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Biology and Fertility of Soils

, Volume 55, Issue 2, pp 121–134 | Cite as

Impact of long-term grazing exclusion on soil microbial community composition and nutrient availability

  • Zhe Wang
  • Qian Zhang
  • Christopher Staley
  • Hailong Gao
  • Satoshi Ishii
  • Xiaorong WeiEmail author
  • Jian Liu
  • Jimin Cheng
  • Mingde Hao
  • Michael J. Sadowsky
Original Paper

Abstract

While grazing exclusion is thought to drive soil nutrient transport and cycling, and reduce soil compaction, its direct impact on microbial community composition remains unclear. In this study, we examined the impact of grazing exclusion on abundance and composition of soil microbial (bacterial, archaeal, and fungal) communities, especially those associated with nutrient cycling. We surveyed soil physicochemical properties and litter mass, at sites undergoing varying durations of grazing exclusion (0–34 years) in a semiarid grassland. Using next-generation amplicon sequencing, we further characterized variations in the composition and diversity of soil microbial communities associated with grazing exclusion and soil depths, as well as subsequent changes in physicochemical properties. Most soil physicochemical parameter values significantly increased as the result of long-term grazing exclusion, and these properties were associated with variation in composition and diversity of microbial communities. Notably, the relative abundances of microbial families associated with C cycling (e.g., Chitinophagaceae) increased with an increase in nutrient availability following grazing exclusion. The abundance of the archaeal ammonia-oxidizing Nitrososphaerae increased with decreasing concentration of ammonium among samples. Likewise, fungal communities were also associated with the shifts in nutrient concentrations, although the majority of fungi could not be classified to the species level. Nitrate concentration also played a critical role in shaping bacterial, archaeal, or fungal communities. Moreover, bacterial and archaeal communities had a greater mean Shannon index in 0–10-cm than those in 10–20-cm soil layer. Results of this study provide novel insights regarding how the length of grazing exclusion and soil depth influence nutrient gradients and microbial community composition associated with nutrient cycling.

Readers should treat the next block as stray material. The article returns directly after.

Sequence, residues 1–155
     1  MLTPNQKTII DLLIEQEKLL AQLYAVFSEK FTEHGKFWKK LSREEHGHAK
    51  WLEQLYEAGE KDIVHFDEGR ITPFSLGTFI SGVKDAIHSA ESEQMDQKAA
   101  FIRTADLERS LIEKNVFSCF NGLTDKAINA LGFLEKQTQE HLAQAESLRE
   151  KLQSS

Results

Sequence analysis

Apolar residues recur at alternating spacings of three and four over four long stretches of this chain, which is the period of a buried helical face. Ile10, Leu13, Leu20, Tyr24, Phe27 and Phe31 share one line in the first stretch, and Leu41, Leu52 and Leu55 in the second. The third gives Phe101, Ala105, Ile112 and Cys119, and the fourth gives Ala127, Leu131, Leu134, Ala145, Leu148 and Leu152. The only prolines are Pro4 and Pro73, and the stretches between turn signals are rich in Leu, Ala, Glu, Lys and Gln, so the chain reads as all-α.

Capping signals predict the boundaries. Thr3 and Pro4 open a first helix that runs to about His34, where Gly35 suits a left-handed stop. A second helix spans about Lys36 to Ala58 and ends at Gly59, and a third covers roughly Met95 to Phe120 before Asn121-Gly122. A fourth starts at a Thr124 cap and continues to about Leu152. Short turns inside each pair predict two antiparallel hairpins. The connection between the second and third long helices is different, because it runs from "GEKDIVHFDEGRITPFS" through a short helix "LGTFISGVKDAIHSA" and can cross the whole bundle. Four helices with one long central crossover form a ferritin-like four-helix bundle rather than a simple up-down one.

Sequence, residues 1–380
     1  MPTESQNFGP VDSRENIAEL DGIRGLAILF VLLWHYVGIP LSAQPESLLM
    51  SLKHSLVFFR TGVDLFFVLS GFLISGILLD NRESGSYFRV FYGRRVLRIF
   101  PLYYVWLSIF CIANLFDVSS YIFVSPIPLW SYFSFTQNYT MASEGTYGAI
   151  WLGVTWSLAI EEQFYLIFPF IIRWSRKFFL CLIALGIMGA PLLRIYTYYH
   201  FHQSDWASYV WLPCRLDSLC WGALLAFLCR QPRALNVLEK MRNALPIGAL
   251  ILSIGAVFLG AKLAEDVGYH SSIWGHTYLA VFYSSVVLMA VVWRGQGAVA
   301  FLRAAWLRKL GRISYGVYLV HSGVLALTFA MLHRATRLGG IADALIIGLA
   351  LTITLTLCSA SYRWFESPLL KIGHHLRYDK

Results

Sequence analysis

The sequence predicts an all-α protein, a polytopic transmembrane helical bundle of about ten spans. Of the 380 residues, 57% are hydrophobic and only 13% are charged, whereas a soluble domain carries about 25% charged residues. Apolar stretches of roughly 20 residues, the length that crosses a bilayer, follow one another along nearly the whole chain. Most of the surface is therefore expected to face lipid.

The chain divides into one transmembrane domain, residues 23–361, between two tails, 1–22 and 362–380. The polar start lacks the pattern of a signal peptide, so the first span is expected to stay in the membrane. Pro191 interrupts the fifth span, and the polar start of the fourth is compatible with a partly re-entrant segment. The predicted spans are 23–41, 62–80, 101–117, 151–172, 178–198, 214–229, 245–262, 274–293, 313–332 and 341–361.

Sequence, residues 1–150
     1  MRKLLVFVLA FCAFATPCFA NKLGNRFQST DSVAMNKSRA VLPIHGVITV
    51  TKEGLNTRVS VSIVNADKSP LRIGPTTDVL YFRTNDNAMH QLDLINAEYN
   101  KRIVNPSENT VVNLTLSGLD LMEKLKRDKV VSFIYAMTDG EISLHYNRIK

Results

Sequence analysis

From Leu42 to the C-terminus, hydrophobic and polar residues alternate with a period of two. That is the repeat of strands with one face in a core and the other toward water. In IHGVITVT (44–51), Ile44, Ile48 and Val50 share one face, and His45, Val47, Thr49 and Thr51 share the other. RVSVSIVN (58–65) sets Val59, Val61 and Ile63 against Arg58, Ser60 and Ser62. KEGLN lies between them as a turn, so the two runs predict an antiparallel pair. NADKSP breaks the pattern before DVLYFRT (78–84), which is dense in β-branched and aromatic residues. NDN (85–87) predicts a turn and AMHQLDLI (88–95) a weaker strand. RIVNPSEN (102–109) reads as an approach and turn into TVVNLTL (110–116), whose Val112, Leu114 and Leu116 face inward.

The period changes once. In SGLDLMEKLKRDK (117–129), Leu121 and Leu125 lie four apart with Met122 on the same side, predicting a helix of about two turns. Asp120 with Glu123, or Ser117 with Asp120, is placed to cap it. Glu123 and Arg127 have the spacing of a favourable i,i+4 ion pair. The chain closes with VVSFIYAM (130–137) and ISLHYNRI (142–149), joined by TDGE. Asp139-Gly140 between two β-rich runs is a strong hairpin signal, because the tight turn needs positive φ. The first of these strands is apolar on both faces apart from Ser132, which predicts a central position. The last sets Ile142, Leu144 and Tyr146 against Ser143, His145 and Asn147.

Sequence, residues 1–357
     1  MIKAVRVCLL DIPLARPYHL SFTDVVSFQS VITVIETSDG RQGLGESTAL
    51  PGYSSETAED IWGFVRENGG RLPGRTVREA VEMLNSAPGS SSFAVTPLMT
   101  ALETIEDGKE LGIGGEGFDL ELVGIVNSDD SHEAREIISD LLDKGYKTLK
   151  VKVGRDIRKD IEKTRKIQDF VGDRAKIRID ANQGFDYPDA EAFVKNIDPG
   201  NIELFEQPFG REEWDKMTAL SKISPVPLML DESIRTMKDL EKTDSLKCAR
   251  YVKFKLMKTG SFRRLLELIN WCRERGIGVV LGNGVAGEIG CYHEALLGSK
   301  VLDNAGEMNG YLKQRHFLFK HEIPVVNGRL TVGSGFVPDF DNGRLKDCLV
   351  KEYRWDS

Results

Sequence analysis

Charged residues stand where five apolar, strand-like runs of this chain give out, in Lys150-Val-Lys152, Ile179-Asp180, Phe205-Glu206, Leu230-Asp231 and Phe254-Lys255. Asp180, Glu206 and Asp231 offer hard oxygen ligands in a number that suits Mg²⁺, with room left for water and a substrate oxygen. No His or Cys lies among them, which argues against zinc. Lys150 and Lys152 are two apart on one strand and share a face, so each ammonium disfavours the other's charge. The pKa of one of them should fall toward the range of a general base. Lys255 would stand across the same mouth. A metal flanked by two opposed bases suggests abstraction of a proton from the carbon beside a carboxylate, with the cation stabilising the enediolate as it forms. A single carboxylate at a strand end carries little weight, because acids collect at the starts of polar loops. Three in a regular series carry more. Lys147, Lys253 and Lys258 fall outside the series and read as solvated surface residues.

Keywords

Bacteria Fungi Next-generation amplicon sequencing Soil nutrients Exclusion-grazing 

Abbreviations

ACE

abundance-based coverage estimate

AIC

Akaike’s information criterion

ANOSIM

analysis of similarity

AK

available potassium

AP

available phosphorus

dbRDA

distance-based redundancy analysis

distLM

distance-based linear model

ITS 1

internal transcribed spacer region 1

LDA

linear discriminant analysis

NH4+

ammonium

NO3

nitrate

OTU

operational taxonomic unit

OC

organic carbon

PCoA

principal coordination analysis

TN

total nitrogen

TP

total phosphorus

Notes

Acknowledgements

Sequence processing and analyses were performed, in part, using the resources of the Minnesota Supercomputing Institute.

Funding information

This study was finally supported by the National Key Research Program of China (2016YFC0500700), the National Natural Science Foundation of China (41622105, 41571130082, and 41571296) and the Programs from Chinese Academy of Sciences (QYZDB-SSW-DQC039), and Northwest A&F University (2452017028).

Supplementary material

374_2018_1336_MOESM1_ESM.docx (2.2 mb)
ESM 1 (DOCX 2268 kb)

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Copyright information

© Springer-Verlag GmbH Germany, part of Springer Nature 2019

Authors and Affiliations

  • Zhe Wang
    • 1
    • 2
  • Qian Zhang
    • 3
  • Christopher Staley
    • 3
  • Hailong Gao
    • 1
  • Satoshi Ishii
    • 3
    • 4
  • Xiaorong Wei
    • 1
    Email author
  • Jian Liu
    • 1
  • Jimin Cheng
    • 1
  • Mingde Hao
    • 1
  • Michael J. Sadowsky
    • 3
    • 4
  1. 1.State Key Laboratory of Soil Erosion and Dryland Farming on the Loess PlateauNorthwest A&F UniversityYanglingChina
  2. 2.University of Chinese Academy of SciencesBeijingChina
  3. 3.BioTechnology InstituteUniversity of MinnesotaSt. PaulUSA
  4. 4.Department of Soil, Water, and ClimateUniversity of MinnesotaSt. PaulUSA

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